Making mid-life changes
By Judy Steed
“I’m so much more myself.”
So says Miriam Garfinkle, a family physician who recently left the busy Spadina Health Centre, which she established with her former husband in 1984, to work in community health.
Last year, having ended her marriage, she went back to the Immigrant Women’s Health Centre, where she was the first woman doctor two decades ago, working with Filomena Carvalho, “who’s kept the centre alive all these years”, Garfinkle says.
Leaving behind a private practice involving mostly middle class patients, to dedicate herself to Chinese, Italian, Portuguese, Spanish, Vietnamese and West Indian women, was an imperative Garfinkle couldn’t ignore.
“I’m happier working on projects and things I believe in”, she says.
She recently joined the Regent Park Community Health Centre, where she works three days a week (in addition to one to two days a week with immigrant woman. She also fits in time at Hassle Free clinic on Church Street, dealing with young people.)
It’s not every doctor’s idea of fun, but for Garfinkle, the dramatic changes in her life are framed by the fate of her mother, who died young, of breast cancer, when Garfinkle was only 20 years old.
At 47, she realized life is short. “If there are things you want to do, you’d better do them while you can.”
And when she moved out of the matrimonial home into her new apartment, the first piece of furniture she bought was a piano, to bring music to her life.
Garfinkle is not alone in undergoing a mid-life transformation; it’s a process that’s affecting more and more women as their children grow up and they have time to reflect on personal needs. As Dr. Christiane Northrup puts it in her best-selling book, The Wisdom Of Menopause, now is the time for baby boom women “to be pioneers in re-creating the second half of their lives on our own terms.”
A year ago Garfinkle caused shock and tears among her patients – I was one of them – when she announced she was giving up her practice. We were bereft. We hadn’t realized how much we’d come to rely on our family doctor until she told us she was leaving; she carried our personal and family history in an intimate way no one else did.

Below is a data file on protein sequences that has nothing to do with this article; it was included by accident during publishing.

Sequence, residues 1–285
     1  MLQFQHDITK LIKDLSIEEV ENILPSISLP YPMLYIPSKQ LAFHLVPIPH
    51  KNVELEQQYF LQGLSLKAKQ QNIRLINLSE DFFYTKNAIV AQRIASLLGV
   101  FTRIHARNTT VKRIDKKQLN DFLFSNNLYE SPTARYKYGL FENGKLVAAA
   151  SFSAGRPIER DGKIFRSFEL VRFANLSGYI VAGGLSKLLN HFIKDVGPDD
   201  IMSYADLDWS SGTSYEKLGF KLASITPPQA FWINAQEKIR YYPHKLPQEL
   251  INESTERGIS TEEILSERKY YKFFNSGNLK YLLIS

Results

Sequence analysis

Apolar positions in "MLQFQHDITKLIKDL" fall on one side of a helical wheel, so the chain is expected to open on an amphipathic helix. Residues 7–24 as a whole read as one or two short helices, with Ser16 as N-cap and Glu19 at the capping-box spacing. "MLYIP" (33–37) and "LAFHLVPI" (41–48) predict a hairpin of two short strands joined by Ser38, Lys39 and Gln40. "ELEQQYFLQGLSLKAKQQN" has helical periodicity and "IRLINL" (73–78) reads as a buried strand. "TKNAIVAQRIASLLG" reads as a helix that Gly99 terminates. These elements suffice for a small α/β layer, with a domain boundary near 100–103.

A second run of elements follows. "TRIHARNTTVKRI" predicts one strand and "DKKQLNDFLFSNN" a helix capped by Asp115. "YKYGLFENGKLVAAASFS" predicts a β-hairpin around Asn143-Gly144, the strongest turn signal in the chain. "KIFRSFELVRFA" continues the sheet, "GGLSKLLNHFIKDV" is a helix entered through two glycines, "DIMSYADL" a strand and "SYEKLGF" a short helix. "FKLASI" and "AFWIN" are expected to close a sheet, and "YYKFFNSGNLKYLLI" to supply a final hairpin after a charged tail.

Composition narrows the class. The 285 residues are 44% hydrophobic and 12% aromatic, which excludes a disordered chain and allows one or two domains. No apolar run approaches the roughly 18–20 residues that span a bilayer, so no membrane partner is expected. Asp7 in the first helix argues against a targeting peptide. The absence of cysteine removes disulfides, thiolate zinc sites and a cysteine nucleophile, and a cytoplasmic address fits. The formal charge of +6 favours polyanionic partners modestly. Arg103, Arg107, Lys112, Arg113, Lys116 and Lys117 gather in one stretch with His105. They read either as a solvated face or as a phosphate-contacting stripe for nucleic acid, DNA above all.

Her departure was not something we had reason to anticipate; doctors rarely leave a lucrative practice, build up by hard work over many years, for a destination that involves lower pay.
But Garfinkle felt she had to go where she was most needed – and embraced the challenge of working with people who are under-serviced and immigrants who are struggling to adjust to our culture.
Reluctant to be interviewed, horrified at the thought of appearing to be “an egotistical doctor,” Garfinkle prefers to direct her attention to other people and projects.
It’s a family tradition.
“My parents brought me up to be a humanist,” she says, “to look beyond my own life-style and care about other people’s problems.”
It was at the Norman Bethune Club, named after Canadian doctor who worked in China during the revolution, that Garfinkle’s parents met in the 1930s. Social activists who raised money to fight fascism during the Spanish Civil War, they hung the Spanish anti-fascist flag in the basement rec room, in the middle class Toronto neighbourhood near Lawrence Avenue and Bathurst Street.
“My mother said she wasn’t religious, she believed in humanity,” says Garfinkle, who as a teenager got involved in the boycott of California grapes, in support of Caesar Chavez’s efforts to organize fruit and vegetable pickers.
As a teenager at Zionist summer camp, she used to hand out the Palestinian manifesto to her fellow Jewish students. In terms of the current crisis in the Middle East, she thinks it’s more important than ever that Jews and Palestinians get to know each other’s problems.
Nowadays, she wants to talk about the immigrant women – 350 a month, more than 3,000 a year – who come to the Toronto clinic for help. Another 6,000 women are reached through workshops and clinic mobile unit.
She praises the Regent Park centre and its “succession program,” a long term plan to encourage students to stay in school, to become the doctors and nurses who will eventually run the centre.
For all the rush and stress in her life, as a single mother juggling three jobs. “I am myself again,” she says. “Everything seems to flow again. I used to be like this when I was younger.”
Her two children, both teenagers, are “amused” by their mother’s passions, she says, but she is not deterred. She feels it’s important to not be afraid to explore life, make changes, and discover yourself. It’s a struggle to resist the pressure to conform, she has found, and to allow your identity to evolve. “I don't know what I’ll be when I grow up, but it will be me,” she says.
She’s also part of a bigger picture. Statisticians estimate that by the year 2008, women between the ages of 50 and 65 will be the largest demographic group in North America.
“There is a critical mass of us,” Northrup writes, “and we’re beginning to know our own power. No one yet knows how much we can accomplish when we go into our businesses, churches, clubs and families and, quietly and peacefully, set about changing the world.”